This article explores the spatial structure and development of settlements comprising the Saint Petersburg agglomeration. Previous studies and database sources, which were never used before (the Federal Tax Service [FTS] database and SPARK-Interfax), are analysed to reveal factors in the economic development of metropolitan areas as well as to understand how settlements develop in Russia’s second-largest city agglomeration. The borders and composition of the Saint Petersburg agglomeration are brought up to date. Examining the population size of the settlements helps locate the ‘growth belt’ of the agglomeration. Lists of major enterprises of the city and the region make it possible to identify patterns in the economic development of the study area. The SPARK-Interfax database aids in clarifying relationships between spatial elements of the agglomeration (its core and satellites) in the distribution of revenues of economic agents. Data on the location of the largest retail stores — shopping malls and hypermarkets — are used to identify the main centres of commerce in the Saint Petersburg agglomeration. A map chart has been drawn using 2GIS and Yandex Maps geoinformation services. An important step in agglomeration analysis is the identification of residential development hotspots. FTS data on property tax base are the main source of relevant information. FTS reports contain data on the number of residential buildings and units covered by the database. Further, FTS statistics is employed to trace income and job distribution across the study area. The current functions of settlement in the Saint Petersburg agglomeration have been determined. According to the findings, the spatial structure of the agglomeration has three groups of ‘backbone centres’. The agglomeration includes a core, a population growth area (‘growth belt’), commuting sources and recipients, and ‘backbone centres’.

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Response of the Lithuanian municipalities to the First Wave of COVID-19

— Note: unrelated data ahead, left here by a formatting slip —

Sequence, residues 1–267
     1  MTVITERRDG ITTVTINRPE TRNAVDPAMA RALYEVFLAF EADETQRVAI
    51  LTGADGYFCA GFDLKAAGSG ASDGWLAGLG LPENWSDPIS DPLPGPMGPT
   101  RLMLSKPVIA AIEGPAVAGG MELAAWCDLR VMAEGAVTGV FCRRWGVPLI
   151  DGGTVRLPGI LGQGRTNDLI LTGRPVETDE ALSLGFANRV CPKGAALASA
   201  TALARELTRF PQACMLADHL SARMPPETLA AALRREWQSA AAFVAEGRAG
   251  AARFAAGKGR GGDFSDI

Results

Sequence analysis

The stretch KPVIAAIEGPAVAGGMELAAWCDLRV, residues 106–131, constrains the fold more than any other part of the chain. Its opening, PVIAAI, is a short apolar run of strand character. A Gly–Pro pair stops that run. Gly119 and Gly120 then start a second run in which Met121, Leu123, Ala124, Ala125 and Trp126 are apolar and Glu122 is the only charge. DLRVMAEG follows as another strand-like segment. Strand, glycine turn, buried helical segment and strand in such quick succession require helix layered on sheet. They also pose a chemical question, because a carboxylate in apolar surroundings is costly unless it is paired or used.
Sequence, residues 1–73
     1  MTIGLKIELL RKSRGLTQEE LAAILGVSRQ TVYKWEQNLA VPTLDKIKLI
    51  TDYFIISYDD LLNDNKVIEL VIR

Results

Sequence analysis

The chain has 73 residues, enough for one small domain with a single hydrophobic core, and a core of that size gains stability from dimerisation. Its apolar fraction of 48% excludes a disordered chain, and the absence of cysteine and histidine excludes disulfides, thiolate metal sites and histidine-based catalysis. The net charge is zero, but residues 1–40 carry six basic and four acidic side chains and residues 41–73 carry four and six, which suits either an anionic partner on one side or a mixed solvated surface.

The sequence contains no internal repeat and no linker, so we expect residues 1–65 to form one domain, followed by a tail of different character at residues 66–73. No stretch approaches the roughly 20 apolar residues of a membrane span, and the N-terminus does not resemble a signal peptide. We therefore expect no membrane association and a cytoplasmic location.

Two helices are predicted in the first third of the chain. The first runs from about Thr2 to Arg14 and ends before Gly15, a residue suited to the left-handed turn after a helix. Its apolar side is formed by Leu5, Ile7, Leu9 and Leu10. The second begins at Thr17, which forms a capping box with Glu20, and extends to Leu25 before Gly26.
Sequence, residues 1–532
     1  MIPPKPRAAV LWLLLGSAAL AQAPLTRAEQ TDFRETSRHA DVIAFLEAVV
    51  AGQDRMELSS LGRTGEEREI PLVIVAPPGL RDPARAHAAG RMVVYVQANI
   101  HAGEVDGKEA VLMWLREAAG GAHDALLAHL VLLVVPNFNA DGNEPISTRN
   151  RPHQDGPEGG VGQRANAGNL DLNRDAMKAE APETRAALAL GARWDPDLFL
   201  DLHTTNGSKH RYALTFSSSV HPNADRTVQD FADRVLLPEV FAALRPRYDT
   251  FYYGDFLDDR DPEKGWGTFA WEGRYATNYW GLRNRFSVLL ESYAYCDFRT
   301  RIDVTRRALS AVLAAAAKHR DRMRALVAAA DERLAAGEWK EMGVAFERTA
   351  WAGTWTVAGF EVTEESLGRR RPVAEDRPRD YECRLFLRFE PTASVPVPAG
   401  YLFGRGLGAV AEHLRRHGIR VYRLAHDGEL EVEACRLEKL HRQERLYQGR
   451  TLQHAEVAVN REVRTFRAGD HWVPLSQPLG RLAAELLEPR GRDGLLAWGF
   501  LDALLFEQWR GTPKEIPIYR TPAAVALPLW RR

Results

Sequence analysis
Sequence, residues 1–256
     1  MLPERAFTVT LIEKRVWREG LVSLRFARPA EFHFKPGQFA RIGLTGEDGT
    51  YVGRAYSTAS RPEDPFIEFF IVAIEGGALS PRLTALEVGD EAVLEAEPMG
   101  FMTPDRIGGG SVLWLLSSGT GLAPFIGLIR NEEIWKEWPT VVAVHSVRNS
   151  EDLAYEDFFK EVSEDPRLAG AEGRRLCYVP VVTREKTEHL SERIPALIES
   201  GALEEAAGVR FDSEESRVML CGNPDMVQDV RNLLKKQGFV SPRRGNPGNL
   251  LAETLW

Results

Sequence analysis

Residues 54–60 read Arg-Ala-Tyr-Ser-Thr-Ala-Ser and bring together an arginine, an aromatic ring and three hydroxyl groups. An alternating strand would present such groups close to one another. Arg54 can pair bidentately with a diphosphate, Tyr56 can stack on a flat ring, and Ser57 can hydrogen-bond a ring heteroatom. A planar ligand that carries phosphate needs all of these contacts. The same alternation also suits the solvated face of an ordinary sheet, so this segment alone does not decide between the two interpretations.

Abstract

This article analyses the response of Lithuanian local authorities to the first wave of COVID-19 with a special focus on the economic support measures they took. The main goal of this in-depth study is to compare the economic response measures included in the action plans of Riga and Tallinn, two large Lithuanian municipal administrations, as well as to analyse the narrative developed in the two cities. The methodology of this research is based on the review of literature, the analysis of action plans, and a case study. The Vilnius and Klaipėda city municipalities adopted action plans to support residents and businesses. Although there are many measures the plans have in common, they differ in the context and scope of application. Municipalities are willing to grant exemptions from various fees and taxes. They have used innovative measures: Vilnius allowed the opening of outdoor cafes, the practice, which was observed by global media. According to the research findings, the actions of municipal authorities can be successful, as municipalities are closer to the residents and can respond to their needs and those of entrepreneurs more quickly and flexibly. The approval of COVID-19 management action plans by municipalities has contributed to the narrative of recovery and hope.

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Cultural types and the perception of current environmental risks by local communities of the Baltic Sea region

Abstract